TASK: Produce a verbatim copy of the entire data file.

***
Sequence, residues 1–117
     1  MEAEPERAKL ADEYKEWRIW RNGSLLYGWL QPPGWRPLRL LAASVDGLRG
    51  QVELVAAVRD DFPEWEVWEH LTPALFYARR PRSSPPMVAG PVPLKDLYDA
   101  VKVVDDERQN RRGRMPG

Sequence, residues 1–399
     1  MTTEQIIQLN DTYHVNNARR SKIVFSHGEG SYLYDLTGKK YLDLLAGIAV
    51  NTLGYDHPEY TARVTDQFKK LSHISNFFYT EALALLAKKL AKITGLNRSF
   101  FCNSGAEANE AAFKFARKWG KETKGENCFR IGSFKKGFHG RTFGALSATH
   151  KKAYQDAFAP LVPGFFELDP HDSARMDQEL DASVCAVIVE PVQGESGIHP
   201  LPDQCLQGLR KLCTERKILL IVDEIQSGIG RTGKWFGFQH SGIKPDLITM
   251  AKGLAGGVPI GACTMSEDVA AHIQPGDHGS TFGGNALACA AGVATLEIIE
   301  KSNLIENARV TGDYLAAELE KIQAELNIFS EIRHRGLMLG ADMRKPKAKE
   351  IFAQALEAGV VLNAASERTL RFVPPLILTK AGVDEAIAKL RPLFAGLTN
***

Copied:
Sequence, residues 1–117
     1  MEAEPERAKL ADEYKEWRIW RNGSLLYGWL QPPGWRPLRL LAASVDGLRG
    51  QVELVAAVRD DFPEWEVWEH LTPALFYARR PRSSPPMVAG PVPLKDLYDA
   101  VKVVDDERQN RRGRMPG

Sequence, residues 1–399
     1  MTTEQIIQLN DTYHVNNARR SKIVFSHGEG SYLYDLTGKK YLDLLAGIAV
    51  NTLGYDHPEY TARVTDQFKK LSHISNFFYT EALALLAKKL AKITGLNRSF
   101  FCNSGAEANE AAFKFARKWG KETKGENCFR IGSFKKGFHG RTFGALSATH
   151  KKAYQDAFAP LVPGFFELDP HDSARMDQEL DASVCAVIVE PVQGESGIHP
   201  LPDQCLQGLR KLCTERKILL IVDEIQSGIG RTGKWFGFQH SGIKPDLITM
   251  AKGLAGGVPI GACTMSEDVA AHIQPGDHGS TFGGNALACA AGVATLEIIE
   301  KSNLIENARV TGDYLAAELE KIQAELNIFS EIRHRGLMLG ADMRKPKAKE
   351  IFAQALEAGV VLNAASERTL RFVPPLILTK AGVDEAIAKL RPLFAGLTN